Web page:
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The effects of in-work benefit reform in Britain on couples: Theory and evidence

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Listed:
  • Francesconi, Marco
  • Rainer, Helmut
  • Klaauw,

Abstract

This article develops a simple model of household decisions that explicitly accounts for the role played by the Working Families’Tax Credit (WFTC) to examine its effects on couples in Britain. The main implications of the model are tested using panel data from the British Household Panel Survey collected between 1991 and 2002. Overall, the financial incentives of the reform had small and statistically insignificant effects on a wide range of married mothers’decisions. Women’s responses, however, were highly heterogeneous, depending on their partners’labour supply and earnings.

Suggested Citation

  • Francesconi, Marco & Rainer, Helmut & Klaauw,, 2009. "The effects of in-work benefit reform in Britain on couples: Theory and evidence," Munich Reprints in Economics 20334, University of Munich, Department of Economics.
  • Handle: RePEc:lmu:muenar:20334
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    References listed on IDEAS

    as
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    Citations

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    Cited by:

    1. DAVID M. BLAU & WILBERT van der KLAAUW, 2013. "What Determines Family Structure?," Economic Inquiry, Western Economic Association International, vol. 51(1), pages 579-604, January.
    2. Blundell, Richard & Francesconi, Marco & van der Klaauw, Wilbert, 2011. "Anatomy of Welfare Reform Evaluation: Announcement and Implementation Effects," IZA Discussion Papers 6050, Institute for the Study of Labor (IZA).
    3. Jeffrey Grogger & LynnA. Karoly, 2009. "The Effects of Work-Conditioned Transfers on Marriage and Child Well-Being: A Review," Economic Journal, Royal Economic Society, vol. 119(535), pages 15-37, February.
    4. Richard Blundell & Monica Costa Dias & Costas Meghir & Jonathan Shaw, 2016. "Female Labor Supply, Human Capital, and Welfare Reform," Econometrica, Econometric Society, vol. 84, pages 1705-1753, September.
    5. Fisher, Hayley & Zhu, Anna, 2016. "The Effect of Changing Financial Incentives on Repartnering," IZA Discussion Papers 10243, Institute for the Study of Labor (IZA).
    6. Bastani, Spencer & Moberg, Ylva & Selin, Håkan, 2016. "Estimating participation responses using transfer program reform," Working Paper Series, Center for Labor Studies 2016:4, Uppsala University, Department of Economics.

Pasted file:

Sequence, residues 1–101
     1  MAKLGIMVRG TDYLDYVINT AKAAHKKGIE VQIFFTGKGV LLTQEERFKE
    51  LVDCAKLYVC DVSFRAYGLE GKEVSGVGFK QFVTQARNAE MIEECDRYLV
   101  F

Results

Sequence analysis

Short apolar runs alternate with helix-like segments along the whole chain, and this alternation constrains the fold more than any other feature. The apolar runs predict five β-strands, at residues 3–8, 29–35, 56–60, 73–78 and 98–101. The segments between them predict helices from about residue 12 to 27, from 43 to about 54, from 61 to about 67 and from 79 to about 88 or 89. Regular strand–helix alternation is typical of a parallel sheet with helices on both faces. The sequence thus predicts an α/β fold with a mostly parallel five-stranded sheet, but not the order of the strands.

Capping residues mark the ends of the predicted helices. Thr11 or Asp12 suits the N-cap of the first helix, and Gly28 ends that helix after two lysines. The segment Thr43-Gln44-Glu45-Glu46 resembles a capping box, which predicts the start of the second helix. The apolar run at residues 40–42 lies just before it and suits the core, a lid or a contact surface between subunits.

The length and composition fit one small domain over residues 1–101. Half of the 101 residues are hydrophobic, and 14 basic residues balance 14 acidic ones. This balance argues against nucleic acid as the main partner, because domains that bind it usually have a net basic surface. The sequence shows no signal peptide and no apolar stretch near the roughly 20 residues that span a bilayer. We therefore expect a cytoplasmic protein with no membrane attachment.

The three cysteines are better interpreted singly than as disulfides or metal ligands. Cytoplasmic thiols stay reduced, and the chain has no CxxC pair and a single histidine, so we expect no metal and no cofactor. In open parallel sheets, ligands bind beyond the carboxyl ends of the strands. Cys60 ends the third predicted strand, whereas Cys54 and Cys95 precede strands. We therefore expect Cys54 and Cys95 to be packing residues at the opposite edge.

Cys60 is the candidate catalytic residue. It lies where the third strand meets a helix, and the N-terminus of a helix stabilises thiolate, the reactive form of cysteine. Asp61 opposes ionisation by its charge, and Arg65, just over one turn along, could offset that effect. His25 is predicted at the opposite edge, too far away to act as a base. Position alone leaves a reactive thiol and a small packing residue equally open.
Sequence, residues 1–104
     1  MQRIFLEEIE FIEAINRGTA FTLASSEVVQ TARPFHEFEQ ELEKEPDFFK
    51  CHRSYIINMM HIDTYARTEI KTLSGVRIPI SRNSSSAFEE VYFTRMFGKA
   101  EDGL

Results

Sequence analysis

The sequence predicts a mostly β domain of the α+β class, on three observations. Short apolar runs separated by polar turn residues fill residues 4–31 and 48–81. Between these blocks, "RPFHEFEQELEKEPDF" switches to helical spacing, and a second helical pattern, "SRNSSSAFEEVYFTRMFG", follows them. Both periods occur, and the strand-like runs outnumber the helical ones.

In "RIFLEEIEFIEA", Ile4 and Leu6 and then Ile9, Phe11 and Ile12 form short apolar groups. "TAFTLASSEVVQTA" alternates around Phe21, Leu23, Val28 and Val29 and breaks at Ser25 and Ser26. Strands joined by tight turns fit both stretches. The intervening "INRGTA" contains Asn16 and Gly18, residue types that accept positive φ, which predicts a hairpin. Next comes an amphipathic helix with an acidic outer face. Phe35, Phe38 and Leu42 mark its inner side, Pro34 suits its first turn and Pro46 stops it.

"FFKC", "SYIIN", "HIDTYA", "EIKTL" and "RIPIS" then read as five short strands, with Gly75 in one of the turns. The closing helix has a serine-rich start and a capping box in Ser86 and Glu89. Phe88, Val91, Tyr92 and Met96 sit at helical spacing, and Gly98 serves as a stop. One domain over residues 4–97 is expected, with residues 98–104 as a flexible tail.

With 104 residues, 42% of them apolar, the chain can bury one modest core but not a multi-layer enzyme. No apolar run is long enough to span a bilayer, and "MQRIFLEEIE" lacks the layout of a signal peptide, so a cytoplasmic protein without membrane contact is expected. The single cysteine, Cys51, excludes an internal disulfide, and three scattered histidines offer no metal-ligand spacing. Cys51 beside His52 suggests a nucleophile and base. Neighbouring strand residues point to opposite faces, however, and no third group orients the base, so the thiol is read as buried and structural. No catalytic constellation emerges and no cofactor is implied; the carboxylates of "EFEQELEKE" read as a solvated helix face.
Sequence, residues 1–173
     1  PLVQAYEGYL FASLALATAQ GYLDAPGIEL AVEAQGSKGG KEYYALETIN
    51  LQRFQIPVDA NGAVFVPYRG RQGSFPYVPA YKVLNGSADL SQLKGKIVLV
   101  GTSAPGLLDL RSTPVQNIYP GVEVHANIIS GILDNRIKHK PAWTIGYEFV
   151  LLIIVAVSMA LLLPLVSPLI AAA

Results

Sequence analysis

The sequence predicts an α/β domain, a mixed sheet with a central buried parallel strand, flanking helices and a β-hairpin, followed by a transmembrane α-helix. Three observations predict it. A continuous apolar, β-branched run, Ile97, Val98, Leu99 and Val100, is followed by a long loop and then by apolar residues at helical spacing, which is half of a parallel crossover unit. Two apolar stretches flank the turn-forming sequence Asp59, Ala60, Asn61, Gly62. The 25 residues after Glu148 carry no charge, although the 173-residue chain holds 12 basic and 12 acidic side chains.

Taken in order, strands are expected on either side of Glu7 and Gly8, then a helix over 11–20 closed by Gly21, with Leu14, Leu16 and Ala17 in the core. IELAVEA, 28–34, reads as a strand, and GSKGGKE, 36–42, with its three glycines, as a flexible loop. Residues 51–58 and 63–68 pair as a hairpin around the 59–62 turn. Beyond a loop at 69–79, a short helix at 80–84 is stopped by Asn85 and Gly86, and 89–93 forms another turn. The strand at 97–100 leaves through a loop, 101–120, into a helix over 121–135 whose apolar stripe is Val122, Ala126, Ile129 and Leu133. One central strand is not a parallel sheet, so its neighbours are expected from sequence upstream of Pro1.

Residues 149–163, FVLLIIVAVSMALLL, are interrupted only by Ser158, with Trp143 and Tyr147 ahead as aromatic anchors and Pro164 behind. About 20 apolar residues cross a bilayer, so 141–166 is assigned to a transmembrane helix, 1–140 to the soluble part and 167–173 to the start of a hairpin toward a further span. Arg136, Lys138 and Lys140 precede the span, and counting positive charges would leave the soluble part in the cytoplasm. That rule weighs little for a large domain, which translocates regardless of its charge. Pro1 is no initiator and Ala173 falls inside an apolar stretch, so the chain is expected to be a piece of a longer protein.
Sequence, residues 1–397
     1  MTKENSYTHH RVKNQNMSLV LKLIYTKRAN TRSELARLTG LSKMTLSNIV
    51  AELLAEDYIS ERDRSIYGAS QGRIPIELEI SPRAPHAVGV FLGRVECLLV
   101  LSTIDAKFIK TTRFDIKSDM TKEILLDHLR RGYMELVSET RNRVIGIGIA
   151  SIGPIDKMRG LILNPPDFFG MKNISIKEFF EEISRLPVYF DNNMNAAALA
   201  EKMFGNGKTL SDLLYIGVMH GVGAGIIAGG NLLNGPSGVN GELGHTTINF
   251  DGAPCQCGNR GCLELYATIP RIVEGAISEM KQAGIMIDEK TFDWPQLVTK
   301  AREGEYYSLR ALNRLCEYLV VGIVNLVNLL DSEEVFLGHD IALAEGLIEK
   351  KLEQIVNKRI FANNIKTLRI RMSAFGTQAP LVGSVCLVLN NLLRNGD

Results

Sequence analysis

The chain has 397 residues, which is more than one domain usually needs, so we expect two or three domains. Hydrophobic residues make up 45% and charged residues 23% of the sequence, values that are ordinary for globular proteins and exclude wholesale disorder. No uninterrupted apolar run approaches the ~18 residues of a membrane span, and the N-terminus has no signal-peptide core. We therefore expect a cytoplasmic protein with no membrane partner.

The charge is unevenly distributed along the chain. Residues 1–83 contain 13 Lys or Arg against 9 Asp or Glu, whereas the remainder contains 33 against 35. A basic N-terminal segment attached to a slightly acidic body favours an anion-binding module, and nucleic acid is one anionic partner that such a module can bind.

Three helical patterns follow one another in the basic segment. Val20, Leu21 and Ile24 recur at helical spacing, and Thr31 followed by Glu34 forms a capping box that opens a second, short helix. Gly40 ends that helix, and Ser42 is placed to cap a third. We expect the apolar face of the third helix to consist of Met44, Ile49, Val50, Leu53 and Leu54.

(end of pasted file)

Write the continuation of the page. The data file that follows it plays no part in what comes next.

7. Bergolo, Marcelo & Galván, Estefanía, 2018. "Intra-household Behavioral Responses to Cash Transfer Programs. Evidence from a Regression Discontinuity Design," World Development, Elsevier, vol. 103(C), pages 100-118.
    8. Bastani, Spencer & Moberg, Ylva & Selin, Håkan, 2016. "The Anatomy of the Extensive Margin Labor Supply Response," Working Paper Series 2016:11, Uppsala University, Department of Economics.
    9. Helmut Rainer & Stefan Bauernschuster & Natalia Danzer & Anita Fichtl & Timo Hener & Christian Holzner & Janina Reinkowski, 2013. "Kindergeld und Kinderfreibeträge in Deutschland: Evaluierung der Auswirkungen auf familienpolitische Ziele," ifo Schnelldienst, ifo Institute - Leibniz Institute for Economic Research at the University of Munich, vol. 66(09), pages 28-36, April.
    10. Giuseppe De Luca & Claudio Rossetti & Daniela Vuri, 2012. "In-Work Benefits for Married Couples: An Ex-Ante Evaluation of EITC and WTC Policies in Italy," CEIS Research Paper 244, Tor Vergata University, CEIS, revised 23 Jul 2012.
    11. Francesconi, Marco & Rainer, Helmut & van der Klaauw, Wilbert, 2008. "Unintended Consequences of Welfare Reform: The Case of Divorced Parents," IZA Discussion Papers 3891, Institute for the Study of Labor (IZA).
    12. Ugo Colombino, 2015. "Five Crossroads on the Way to Basic Income. An Italian Tour," Italian Economic Journal: A Continuation of Rivista Italiana degli Economisti and Giornale degli Economisti, Springer;Società Italiana degli Economisti (Italian Economic Association), vol. 1(3), pages 353-389, November.
    13. Marco Francesconi & Helmut Rainer & Wilbert Klaauw, 2015. "Unintended consequences of welfare reform for children with single parents: a theoretical analysis," Review of Economics of the Household, Springer, vol. 13(3), pages 709-733, September.
    14. Richard Blundell & Monica Costa Dias & Costas Meghir & Jonathan Shaw, 2011. "The long-term effects of in-work benefits in a life-cycle model for policy evaluation," CeMMAP working papers CWP07/11, Centre for Microdata Methods and Practice, Institute for Fiscal Studies.
    15. Jonathan Shaw, 2014. "The redistribution and insurance value of welfare reform," IFS Working Papers W14/21, Institute for Fiscal Studies.
    16. Ghazala Azmat, 2014. "Evaluating the effectiveness of in-work tax credits," Empirical Economics, Springer, vol. 46(2), pages 397-425, March.

    More about this item

    JEL classification:

    • C23 - Mathematical and Quantitative Methods - - Single Equation Models; Single Variables - - - Models with Panel Data; Spatio-temporal Models
    • H31 - Public Economics - - Fiscal Policies and Behavior of Economic Agents - - - Household
    • I38 - Health, Education, and Welfare - - Welfare, Well-Being, and Poverty - - - Government Programs; Provision and Effects of Welfare Programs
    • J12 - Labor and Demographic Economics - - Demographic Economics - - - Marriage; Marital Dissolution; Family Structure
    • J13 - Labor and Demographic Economics - - Demographic Economics - - - Fertility; Family Planning; Child Care; Children; Youth
    • J22 - Labor and Demographic Economics - - Demand and Supply of Labor - - - Time Allocation and Labor Supply

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